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Spinal Stenosis Treatment--The Different Methods of Treating Spinal Stenosis

The goal of a spinal stenosis treatment is to relieve pain, numbness, and weakness in the lower back and the legs, as well as improve the overall quality of life.  Spinal stenosis is the narrowing of the spinal canal that usually starts gradually and develops over a long period of time.  As the spinal canal narrows, it can compress the spinal cord or the nerve roots that branch out from the spinal cord. or it can squeeze and irritate the spinal cord itself.  Spinal stenosis treatments include physical therapy, exercises,  pain-relieving medicine, other nonsurgical measures, and surgical procedures.

Diagnosis of spinal stenosis

Treatment of spinal stenosis begins with a diagnoses.  In order to make a proper diagnoses of spinal stenosis, a physician has to make a complete evaluation of the spine.  This is typically done by reviewing the patient's personal and family medical history as well as physical examination.  Medical history will tell the doctor the patient's symptoms, possible causes of back pain, and ultimately the cause for the stenosis.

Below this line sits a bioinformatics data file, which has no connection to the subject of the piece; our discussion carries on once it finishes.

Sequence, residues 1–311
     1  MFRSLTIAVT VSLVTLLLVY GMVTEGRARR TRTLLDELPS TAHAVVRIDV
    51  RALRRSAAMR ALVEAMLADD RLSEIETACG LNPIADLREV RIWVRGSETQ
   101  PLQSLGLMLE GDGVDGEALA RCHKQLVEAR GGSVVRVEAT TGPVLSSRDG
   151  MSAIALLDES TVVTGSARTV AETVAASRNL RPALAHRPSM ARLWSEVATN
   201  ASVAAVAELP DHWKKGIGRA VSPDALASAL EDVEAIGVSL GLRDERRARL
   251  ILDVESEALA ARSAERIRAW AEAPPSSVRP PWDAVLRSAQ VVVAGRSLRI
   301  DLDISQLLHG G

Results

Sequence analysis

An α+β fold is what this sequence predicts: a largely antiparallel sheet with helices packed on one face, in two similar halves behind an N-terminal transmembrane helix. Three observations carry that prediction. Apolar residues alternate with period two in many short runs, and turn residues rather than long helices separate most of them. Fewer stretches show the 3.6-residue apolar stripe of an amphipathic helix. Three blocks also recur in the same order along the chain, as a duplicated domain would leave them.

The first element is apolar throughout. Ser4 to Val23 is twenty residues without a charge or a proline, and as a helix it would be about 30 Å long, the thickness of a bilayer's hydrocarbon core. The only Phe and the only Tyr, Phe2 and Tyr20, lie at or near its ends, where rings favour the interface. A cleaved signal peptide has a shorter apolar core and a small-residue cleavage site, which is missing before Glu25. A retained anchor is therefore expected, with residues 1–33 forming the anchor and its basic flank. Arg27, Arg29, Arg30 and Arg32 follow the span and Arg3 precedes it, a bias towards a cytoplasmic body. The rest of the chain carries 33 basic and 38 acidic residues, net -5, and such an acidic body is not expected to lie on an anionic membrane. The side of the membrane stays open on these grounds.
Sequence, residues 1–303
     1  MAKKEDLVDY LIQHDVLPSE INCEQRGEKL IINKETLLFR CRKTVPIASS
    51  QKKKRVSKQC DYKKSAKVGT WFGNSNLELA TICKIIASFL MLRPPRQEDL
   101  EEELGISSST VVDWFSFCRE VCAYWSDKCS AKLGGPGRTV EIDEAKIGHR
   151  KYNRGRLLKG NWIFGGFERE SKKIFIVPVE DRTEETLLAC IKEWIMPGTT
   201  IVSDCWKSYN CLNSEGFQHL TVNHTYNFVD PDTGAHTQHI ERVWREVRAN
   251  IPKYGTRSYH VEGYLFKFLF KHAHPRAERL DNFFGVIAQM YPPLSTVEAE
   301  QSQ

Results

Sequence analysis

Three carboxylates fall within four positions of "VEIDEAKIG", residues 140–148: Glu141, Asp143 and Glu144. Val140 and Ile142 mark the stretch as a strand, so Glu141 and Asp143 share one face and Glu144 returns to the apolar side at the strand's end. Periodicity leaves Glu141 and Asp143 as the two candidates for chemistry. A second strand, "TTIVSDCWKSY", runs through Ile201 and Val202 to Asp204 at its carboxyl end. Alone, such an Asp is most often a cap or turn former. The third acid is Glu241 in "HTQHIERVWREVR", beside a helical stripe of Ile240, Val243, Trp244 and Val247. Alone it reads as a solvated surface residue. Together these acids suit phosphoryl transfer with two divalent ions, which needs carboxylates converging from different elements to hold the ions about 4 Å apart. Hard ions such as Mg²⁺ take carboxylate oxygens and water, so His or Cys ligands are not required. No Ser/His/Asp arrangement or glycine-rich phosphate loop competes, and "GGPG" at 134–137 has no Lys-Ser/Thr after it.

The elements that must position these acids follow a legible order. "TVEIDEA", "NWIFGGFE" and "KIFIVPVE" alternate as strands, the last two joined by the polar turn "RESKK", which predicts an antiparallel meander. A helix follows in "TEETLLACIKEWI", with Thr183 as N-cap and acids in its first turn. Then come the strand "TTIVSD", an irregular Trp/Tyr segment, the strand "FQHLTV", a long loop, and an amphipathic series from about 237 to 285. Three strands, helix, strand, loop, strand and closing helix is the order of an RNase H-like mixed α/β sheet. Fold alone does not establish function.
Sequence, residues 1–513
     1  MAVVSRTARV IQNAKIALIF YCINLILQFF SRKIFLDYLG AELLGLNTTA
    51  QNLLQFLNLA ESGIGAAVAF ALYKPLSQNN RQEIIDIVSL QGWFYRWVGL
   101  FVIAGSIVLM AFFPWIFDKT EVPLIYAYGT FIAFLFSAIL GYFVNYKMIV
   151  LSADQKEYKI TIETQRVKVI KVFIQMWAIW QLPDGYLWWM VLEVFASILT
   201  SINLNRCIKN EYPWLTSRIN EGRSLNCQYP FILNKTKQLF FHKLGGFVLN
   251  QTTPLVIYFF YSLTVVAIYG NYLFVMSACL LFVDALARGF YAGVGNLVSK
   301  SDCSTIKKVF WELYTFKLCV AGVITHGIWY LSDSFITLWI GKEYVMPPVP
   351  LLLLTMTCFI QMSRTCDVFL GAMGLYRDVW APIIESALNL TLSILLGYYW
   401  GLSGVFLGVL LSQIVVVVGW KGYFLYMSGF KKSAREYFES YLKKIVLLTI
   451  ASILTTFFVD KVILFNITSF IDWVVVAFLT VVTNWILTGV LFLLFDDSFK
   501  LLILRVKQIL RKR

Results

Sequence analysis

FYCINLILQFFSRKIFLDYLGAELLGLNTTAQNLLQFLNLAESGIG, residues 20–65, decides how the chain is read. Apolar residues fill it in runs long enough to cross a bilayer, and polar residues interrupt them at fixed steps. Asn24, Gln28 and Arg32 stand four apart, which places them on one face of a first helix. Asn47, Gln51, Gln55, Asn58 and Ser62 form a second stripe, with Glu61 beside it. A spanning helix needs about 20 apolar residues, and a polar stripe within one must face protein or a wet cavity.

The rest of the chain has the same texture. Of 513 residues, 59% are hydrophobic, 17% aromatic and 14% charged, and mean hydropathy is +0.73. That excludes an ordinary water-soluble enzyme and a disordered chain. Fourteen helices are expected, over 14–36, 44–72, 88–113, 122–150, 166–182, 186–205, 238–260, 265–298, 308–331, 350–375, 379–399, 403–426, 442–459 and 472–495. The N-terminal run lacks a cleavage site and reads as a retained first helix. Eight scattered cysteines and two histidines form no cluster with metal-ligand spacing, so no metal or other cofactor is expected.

Physical examinations determines exactly where the nerve compressions are.  Visual exams are often performed via x-ray and other imaging mediums.  The x-ray will reveal the spinal vertabrae, and is helpful for finding issues such as arthritis, traumatic injury, tumors, or any other abnormalities.  A myelogram, which is an x-ray of dye injected into the spinal fluid, may also be used.

Other imaging mediums used for physical exams include a magnetic resonance imaging (MRI) scan, computed tomography (CAT) scan, and a bone scan.  A CAT scan is similar to the x-ray, but shows more detail of the tissues of the body.  An MRI uses magnetic symbols to show images of the spine, nerves, ligaments, and muscles.  A bone scan involves injection of radioactive material into the veins, which flows areas of high bone activity.


Spinal stenosis therapy treatments